Kinesin 13 and ring complex formation

Rings were formed by incubating 0.04 mM dolastatin-10 dissolved in DMSO with 2 mg/ml GTP-tubulin (Cytoskeleton, Inc.) in 40 mM Pipes, pH 6.8, 1.50 mM MgCl2, and 12% (vol/vol) DMSO for 20 min at room temperature. Kinesin 13 constructs were dialyzed into BrB80-KCl buffer (80 mM Pipes, pH 6.8, 2 mM MgCl2, 1 mM EGTA, and 100 mM KCl) at 4°C stirring for 3–4 h. Constructs were mixed with 5 mM AMPPNP and 0.5 µM rings in BrB80-KCl at 3 µM for 2–3 min at room temperature. Sedimentation assay reaction mixtures were ultracentrifuged in a rotor (TLA-100; Beckman Coulter) at 100,000 rpm at room temperature for 20 min. The supernatant and pellet were separated, subjected to SDS-PAGE analysis, and the amount of protein in each lane was estimated using ImageJ (National Institutes of Health; Abramoff et al., 2004) and a BSA standard curve.

EM sample preparation and data collection

EM samples were prepared on 400-mesh copper continuous carbon grids that were cleaned using a plasma cleaner (5 s; 25% O2 and 75% Ar; Solarus) immediately before use. A 5-µl drop of sample was applied to the grid, washed with BrB80-KCl, and negatively stained with 1% uranyl acetate. EM was performed at room temperature using a transmission electron microscope (Tecnai F20; FEI) at 120 kiloelectronvolts (keV) with a 4,000 × 4,000 charge-coupled device camera (Gatan), and data were collected in low dose at −2 µm defocus at 50,000× magnification using Leginon (Suloway et al., 2005) in manual mode.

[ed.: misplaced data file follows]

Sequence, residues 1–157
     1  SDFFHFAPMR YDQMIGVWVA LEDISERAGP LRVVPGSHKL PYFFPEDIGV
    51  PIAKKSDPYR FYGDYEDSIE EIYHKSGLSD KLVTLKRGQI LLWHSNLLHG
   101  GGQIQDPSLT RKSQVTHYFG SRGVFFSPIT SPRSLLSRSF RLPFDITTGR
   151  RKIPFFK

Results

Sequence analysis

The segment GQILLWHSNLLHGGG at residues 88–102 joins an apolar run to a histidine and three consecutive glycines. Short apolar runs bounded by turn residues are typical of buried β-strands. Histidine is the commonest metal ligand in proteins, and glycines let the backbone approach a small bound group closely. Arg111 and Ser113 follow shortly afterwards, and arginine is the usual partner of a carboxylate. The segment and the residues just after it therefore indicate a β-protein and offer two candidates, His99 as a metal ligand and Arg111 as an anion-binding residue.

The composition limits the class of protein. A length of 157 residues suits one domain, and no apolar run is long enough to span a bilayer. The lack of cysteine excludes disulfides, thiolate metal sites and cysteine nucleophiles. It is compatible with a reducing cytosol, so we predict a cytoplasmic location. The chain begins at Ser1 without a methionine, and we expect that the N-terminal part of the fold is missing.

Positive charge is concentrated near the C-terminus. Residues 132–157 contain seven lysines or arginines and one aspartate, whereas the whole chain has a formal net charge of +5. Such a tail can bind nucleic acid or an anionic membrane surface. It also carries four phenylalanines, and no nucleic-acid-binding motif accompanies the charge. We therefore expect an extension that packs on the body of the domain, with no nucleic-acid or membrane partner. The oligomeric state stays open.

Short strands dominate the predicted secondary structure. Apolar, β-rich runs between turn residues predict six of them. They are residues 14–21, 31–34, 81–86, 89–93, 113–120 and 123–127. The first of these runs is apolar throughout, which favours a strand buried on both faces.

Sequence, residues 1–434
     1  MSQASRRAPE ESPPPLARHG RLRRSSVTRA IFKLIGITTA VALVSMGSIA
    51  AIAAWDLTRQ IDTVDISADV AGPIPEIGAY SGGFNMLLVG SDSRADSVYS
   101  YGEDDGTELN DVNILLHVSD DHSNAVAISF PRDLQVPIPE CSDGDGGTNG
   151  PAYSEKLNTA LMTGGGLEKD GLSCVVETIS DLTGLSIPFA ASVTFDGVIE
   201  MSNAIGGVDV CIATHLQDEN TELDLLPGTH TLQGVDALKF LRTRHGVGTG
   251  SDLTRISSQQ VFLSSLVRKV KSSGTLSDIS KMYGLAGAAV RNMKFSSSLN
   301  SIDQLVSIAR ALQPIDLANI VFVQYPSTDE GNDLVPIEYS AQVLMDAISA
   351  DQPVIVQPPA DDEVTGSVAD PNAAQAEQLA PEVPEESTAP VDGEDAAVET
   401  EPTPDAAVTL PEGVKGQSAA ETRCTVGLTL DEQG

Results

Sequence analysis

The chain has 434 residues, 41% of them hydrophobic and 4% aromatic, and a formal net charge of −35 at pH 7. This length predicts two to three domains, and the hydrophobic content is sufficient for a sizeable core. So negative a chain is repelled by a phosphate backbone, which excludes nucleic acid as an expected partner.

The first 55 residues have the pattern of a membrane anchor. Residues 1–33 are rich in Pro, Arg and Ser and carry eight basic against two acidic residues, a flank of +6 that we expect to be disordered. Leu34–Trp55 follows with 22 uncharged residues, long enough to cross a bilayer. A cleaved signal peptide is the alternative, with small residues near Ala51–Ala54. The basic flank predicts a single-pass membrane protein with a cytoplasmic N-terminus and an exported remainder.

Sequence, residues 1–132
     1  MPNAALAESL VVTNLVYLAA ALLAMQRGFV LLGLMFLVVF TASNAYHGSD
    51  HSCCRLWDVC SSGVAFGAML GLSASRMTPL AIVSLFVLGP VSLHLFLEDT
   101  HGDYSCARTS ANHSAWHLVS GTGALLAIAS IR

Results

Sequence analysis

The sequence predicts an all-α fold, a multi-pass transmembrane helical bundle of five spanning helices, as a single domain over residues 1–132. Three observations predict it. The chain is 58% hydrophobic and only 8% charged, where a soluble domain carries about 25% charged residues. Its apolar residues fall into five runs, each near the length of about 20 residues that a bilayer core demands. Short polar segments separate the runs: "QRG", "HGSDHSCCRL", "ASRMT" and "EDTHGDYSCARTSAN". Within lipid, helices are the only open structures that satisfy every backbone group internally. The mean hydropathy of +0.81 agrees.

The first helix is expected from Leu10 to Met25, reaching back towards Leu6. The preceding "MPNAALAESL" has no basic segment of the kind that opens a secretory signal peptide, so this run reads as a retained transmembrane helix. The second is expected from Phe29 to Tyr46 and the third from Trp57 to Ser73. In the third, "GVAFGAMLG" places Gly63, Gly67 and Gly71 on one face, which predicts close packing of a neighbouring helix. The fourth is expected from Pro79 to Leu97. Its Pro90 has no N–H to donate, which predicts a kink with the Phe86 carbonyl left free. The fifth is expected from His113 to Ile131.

Image processing

Image processing was done in SPIDER (Frank et al., 1996) with functions available from Appion (Lander et al., 2009). In Appion, micrograph quality was assessed, particles were picked and boxed, and initial reference-free alignment and classification was performed on ∼2,000 rings for each dataset. Classes with well-stained particles underwent reference-based alignment in SPIDER to sort out 13-, 14-, and 15-mer rings. Only 14-mer rings (∼80% of all particles) were processed further. Particles underwent reference-based alignment, correspondence analysis, and hierarchical ascendant classification in SPIDER to sort out alternate binding rings (Fig. S2; Frank et al., 1996). Particles were considered alternate binders for cross-correlation coefficients ≥1,800, resulting in ∼20%, ∼80%, and ∼80% alternate binders for M, NM, and FL, respectively. Particles that did not reach stable alignment or failed to pass visual inspection were thrown out, resulting in 4.4, 69.4, and 53.9% alternate binders for M, NM, and FL datasets. Individual motor–tubulin complexes were picked manually in the EMAN Boxer program (Ludtke et al., 1999) from alternate binding class averages. These particles underwent two rounds of reference-based alignment and classification in SPIDER (Frank et al., 1996). Difference maps and Student's t tests were calculated in SPIDER (Frank et al., 1996) and Phoelix (Whittaker et al., 1995).

Fitting kinesin 13 crystal structure into tubulin rings